Essay #1: Oedipus the King – Flaws vs. Fate
Sophocles intertwines the contrasting ideas of fate and free will throughout Oedipus the King, and conclusively leaves it to the audience to determine the reason for the tragedy that occurs in the story. The Oracle informs Oedipus of his destined future, which is to eventually shed his own father’s blood and marry, as well as conceive children with, his mother. As the story plays out, Oedipus comes to the realization that he has indeed fulfilled the prophecy given to him. While he has an honor to uphold as King of Thebes, he disgraces his people with his actions of murder and incest. Ultimately, Oedipus’ character flaws are responsible for the disaster that takes place in the story, including his lack of self-control and anger, impulsive decision to marry Jocasta, and self admittance of fulfilling his destiny.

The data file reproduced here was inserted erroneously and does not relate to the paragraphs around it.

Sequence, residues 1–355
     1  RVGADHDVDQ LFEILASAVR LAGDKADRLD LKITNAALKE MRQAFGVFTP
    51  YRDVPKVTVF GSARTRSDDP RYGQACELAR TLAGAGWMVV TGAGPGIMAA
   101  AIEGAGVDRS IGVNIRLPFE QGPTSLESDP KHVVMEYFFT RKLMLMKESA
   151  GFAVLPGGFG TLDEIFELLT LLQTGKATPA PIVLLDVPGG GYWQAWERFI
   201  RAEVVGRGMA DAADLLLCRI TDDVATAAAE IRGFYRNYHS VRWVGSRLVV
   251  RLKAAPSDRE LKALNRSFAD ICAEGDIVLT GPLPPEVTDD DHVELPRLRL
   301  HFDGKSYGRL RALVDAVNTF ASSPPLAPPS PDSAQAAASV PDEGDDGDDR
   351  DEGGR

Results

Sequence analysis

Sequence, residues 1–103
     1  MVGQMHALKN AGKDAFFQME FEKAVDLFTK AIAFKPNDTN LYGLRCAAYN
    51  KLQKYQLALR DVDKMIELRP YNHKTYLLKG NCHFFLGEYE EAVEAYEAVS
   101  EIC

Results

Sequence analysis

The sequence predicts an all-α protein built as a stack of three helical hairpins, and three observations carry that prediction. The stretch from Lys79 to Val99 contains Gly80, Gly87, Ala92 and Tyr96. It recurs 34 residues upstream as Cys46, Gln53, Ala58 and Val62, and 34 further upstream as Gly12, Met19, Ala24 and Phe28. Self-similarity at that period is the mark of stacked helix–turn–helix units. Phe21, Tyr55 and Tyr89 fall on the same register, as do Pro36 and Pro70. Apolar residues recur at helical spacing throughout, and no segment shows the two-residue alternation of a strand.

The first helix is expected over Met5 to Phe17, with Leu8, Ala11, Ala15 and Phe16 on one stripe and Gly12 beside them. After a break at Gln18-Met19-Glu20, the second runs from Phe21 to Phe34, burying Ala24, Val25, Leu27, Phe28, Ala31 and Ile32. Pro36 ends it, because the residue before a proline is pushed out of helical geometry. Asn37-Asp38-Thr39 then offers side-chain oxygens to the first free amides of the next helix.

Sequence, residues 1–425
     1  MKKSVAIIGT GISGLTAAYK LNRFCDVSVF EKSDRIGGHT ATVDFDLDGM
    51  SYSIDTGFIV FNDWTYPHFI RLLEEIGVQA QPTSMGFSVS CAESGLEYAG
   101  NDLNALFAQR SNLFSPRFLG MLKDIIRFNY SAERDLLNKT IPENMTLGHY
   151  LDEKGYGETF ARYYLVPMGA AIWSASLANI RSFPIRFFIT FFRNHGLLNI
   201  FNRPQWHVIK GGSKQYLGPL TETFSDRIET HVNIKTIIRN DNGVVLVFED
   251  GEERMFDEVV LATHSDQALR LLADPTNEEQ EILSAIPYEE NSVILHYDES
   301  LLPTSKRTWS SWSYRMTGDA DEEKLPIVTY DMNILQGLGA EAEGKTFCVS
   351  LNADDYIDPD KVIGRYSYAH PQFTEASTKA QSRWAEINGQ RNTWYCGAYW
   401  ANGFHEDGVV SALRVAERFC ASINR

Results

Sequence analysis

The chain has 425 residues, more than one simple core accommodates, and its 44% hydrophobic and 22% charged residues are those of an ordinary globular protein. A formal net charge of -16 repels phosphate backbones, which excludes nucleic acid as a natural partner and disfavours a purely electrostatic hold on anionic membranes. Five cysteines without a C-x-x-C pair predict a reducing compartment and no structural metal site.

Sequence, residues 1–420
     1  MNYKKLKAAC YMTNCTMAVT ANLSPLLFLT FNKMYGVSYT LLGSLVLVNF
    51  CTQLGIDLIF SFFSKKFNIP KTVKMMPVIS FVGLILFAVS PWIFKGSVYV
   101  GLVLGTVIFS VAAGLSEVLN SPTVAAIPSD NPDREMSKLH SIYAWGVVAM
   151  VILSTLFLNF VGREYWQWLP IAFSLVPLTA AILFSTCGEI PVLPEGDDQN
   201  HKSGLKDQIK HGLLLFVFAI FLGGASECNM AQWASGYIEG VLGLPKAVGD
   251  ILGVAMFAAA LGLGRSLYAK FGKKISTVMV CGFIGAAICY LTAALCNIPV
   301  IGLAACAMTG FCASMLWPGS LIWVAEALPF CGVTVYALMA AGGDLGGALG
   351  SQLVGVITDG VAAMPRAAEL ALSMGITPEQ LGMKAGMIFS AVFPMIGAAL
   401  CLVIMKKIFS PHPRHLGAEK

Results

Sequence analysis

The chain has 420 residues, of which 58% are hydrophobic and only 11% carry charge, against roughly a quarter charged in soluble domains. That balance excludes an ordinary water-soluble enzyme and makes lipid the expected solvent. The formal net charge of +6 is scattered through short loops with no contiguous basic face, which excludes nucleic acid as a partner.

As Oedipus was making his way to Thebes, he came upon another cart in the intersection of the road, manned by another gentleman. When Oedipus came upon the other carriage in the crossroad, he could have easily ignored the confrontation with this man and went about his way on his journey. Instead, he chose to listen to his own pride and fight, subsequently murdering the man in the road, who he later discovers is his biological father. He exclaims, “Swinging my club in this right hand I knocked him out of his car, and he rolled on the ground. I killed him. I killed them all” (Sophocles 1305, lines 286-289). His anger, as well as his lack of self control, contributes greatly to the tragedy.
By another interpretation, it could be argued that this action of murdering his father is explained by his fate. It should be noted that because Oedipus was aware of his fate, he was in control of his ability to avoid it. If he was not made aware of his destiny by the Oracle, he would have not known of his responsibility to defy the odds. I believe this could have led to a different outcome. If he had not fled his city...
Cited: Sophocles. "Oedipus the King." X.J. Kennedy, Dana Gioia. Literature: An Introduction to Fiction, Poetry,
Drama, and Writing, Part 3: Drama. 10th Edition. Vol. Part 3: Drama. New York: Longman, 2007.
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